Not many MPs bothered to turn up to debate the TV license fee in October 2008
Thanks to ToryRadio.com I was able to put a question to Jeremy Hunt MP, the Shadow Secretary of State for Culture Media and Sport today. Via Twitter I asked: “Will you commit to abolish the TV Licence? If you do, what consequential changes to public service broadcasting are you planning?”
Mr Hunt replied:
“We won’t commit to abolishing the TV license. It’s a strange system. I think its a system which if you were starting from scratch no self-respecting free marketeer would ever set up a compulsory tax to pay a state broadcaster that everybody in the country has to pay. But, um, I think we have to be open minded and accept that actually the result has been a great success for British Broadcasting, I mean we probably have some of the best quality TV in the world and part of that is because we have diversity, we have some TV funded by the licence fee, some funded by subscription (that’s sort of Sky, Cable channels), some funded commercially by advertising. And the result is we are probably one of the only TV ecologies in the world where we have competition both at the popular end of the broadcasting and at the quality end, and its that maintenance of competition, that all parts of the broadcasting spectrum that’s what we have to fight to preserve. I think there’s a real danger that if there’s a shake out in broadcasting as we know is happening at the moment with ITV and Channel Four and Five the BBC could become the only people who are able to afford to produce quality TV”.
This was a worthwhile question to ask, as the question of the TV license is one the Conservative party is currently split on. I genuinely didn’t know what answer Mr Hunt would come out with when asked, and am quite surprised he has been so categorical. I applaud him for answering my question directly and stating: “We won’t commit to abolishing the TV license”. However I don’t agree this is the best way forward for Britain and think the Conservatives might change this point of view before they go into the next general election.
The day after Mr Hunt’s interview, Conservative MP John Whittingdale, chairman of the Commons Culture and Media Committe didn’t say scrap the TV Licence, but did call for it not to be increased by the 2% proposed this year. Not increasing the fee is an untenable – sitting on the fence – position, as over time it will result in a fee which is uneconomic to collect.
Technology advances have made the TV licence a tax on computers and mobile phones. Any equipment capable of recieving live TV, even via the internet, needs a license. I think this means that the TV licence has become unenforceable, and a selectively enforced and collected tax is unacceptable and a recipe for anarchy. The TV license needs to be scrapped and replaced with public service broadcasting funded from general taxation, commercial activity and advertising.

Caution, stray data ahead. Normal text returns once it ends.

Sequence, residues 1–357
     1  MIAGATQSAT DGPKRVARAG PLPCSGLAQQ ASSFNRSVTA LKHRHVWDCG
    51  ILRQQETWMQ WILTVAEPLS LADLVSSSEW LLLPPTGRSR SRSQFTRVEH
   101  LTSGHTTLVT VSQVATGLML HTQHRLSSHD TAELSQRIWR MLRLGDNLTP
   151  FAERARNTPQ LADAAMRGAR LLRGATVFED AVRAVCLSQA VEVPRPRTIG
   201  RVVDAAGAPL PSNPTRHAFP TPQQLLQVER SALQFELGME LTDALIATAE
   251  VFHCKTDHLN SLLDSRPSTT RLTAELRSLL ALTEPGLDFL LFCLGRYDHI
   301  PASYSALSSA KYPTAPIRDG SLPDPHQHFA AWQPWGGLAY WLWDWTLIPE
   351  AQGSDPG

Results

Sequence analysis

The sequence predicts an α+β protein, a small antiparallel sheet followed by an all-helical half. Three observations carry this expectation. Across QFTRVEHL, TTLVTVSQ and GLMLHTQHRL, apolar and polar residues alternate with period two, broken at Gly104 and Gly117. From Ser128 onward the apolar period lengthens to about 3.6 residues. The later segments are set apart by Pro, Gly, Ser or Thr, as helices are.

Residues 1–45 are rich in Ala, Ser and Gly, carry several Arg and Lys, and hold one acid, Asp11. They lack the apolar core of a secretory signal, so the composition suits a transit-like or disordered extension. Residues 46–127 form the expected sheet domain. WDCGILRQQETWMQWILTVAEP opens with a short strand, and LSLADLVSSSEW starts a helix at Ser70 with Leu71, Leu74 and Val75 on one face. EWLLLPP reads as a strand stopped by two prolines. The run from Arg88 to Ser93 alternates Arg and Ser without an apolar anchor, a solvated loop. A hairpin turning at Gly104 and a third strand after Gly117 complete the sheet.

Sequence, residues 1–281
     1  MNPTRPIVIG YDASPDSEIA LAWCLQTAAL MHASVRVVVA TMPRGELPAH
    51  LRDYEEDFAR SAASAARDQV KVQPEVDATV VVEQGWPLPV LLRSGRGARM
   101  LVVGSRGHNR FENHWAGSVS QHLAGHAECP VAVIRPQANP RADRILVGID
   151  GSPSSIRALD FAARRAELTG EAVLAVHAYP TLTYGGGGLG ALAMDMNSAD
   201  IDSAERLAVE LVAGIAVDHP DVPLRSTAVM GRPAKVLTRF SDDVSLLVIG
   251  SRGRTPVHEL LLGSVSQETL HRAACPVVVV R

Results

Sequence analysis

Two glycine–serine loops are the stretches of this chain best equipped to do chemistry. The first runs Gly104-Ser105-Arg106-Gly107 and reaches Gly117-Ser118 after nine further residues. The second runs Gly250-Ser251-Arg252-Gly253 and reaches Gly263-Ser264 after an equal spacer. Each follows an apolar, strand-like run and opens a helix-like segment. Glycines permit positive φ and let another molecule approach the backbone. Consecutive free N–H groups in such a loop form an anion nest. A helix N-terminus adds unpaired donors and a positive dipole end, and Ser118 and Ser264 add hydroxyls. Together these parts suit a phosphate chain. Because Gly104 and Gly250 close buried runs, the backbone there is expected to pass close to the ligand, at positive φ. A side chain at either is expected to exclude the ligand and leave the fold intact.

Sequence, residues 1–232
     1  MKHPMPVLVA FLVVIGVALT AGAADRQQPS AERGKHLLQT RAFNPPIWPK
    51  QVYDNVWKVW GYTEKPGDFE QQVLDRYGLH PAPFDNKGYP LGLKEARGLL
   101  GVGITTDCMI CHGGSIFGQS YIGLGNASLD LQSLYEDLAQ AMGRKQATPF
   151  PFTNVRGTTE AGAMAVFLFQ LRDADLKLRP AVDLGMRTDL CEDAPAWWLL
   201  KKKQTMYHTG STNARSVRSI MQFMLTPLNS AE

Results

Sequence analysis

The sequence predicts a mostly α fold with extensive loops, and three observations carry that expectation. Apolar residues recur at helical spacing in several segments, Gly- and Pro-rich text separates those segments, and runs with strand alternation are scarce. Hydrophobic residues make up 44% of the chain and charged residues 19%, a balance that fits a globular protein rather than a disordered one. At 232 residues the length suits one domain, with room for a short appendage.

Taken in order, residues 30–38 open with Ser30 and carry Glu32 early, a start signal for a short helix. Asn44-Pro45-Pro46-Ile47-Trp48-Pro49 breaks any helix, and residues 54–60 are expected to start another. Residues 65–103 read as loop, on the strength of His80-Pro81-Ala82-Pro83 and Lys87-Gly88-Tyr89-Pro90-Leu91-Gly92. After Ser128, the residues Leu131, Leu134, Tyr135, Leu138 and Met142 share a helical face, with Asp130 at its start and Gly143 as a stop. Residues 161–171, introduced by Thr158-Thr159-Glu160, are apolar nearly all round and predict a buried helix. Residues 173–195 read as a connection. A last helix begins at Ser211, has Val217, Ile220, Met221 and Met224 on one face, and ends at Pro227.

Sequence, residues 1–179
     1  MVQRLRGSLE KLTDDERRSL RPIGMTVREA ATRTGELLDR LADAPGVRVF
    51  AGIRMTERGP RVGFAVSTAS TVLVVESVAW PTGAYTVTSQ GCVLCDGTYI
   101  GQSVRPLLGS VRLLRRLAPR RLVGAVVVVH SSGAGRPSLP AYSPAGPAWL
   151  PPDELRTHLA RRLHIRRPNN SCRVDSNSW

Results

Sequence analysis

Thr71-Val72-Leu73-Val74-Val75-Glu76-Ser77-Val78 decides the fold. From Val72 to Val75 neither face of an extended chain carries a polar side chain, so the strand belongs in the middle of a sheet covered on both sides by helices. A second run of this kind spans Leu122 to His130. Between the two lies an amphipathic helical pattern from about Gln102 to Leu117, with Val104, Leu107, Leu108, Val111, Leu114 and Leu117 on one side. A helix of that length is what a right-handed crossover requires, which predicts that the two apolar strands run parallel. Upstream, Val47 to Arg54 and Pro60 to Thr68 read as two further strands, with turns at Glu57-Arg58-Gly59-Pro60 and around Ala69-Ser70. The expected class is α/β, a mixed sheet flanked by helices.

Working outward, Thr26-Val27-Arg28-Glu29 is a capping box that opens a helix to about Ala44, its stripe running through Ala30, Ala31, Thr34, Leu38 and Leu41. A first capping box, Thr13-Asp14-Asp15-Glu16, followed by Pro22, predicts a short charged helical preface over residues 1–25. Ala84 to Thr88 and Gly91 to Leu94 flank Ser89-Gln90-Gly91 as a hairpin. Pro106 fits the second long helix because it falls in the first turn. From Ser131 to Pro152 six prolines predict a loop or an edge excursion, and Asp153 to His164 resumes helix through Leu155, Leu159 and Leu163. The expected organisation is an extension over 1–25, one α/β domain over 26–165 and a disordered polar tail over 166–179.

The TV license system has not only been overtaken by advances in technology, but the fee is collected aggressively and wastes court time and prison spaces. Enforcement also unfairly targets women who are statistically most likely to be at home when enforcement officers visit and therefore become the person who is prosecuted. Reform is needed in the funding of public service broadcasting in the UK, and the Conservatives are too conservative to propose it.
I am a huge fan of the BBC, Channel Four, the world service and other public service broadcasting service, much of which is already funded through general taxation.
We need to support the media industry in the UK, it is one of our valuable exporters and in my view ought to form a key part of the UK’s knowledge based economy in the next few decades. State funding is essential, as is editorial independence for the BBC and other recipients of state funding. None of this needs to be risked by moving away from the licence fee towards a fairer, easier to enforce and cheaper way of collecting money to fund public service broadcasting, in fact removing inefficient collection costs might result in more funds being available.
While editorial control needs to be independent of the Government, funding from general taxation might enable more control to be exercised over waste and excess particularly at the BBC.
I support scraping the TV tax. The argument put forward by the Liberal Democrats is that this will result in their members, many of whom don’t watch TV, paying for something they don’t use is nonsense. These people do benefit from the services of the BBC, in terms of resilience and contribution to UK culture, and many of them will benefit from BBC output be it online, or on the radio. Those without TVs will benefit as they will no longer be persecuted for payment of a tax they do not owe. There are many things that are good for, and necessary for the good of the county which not everyone benefits from directly. Not everyone drives but all are expected to contribute to the roads, not everyone has children in state schools yet all contribute to the provision.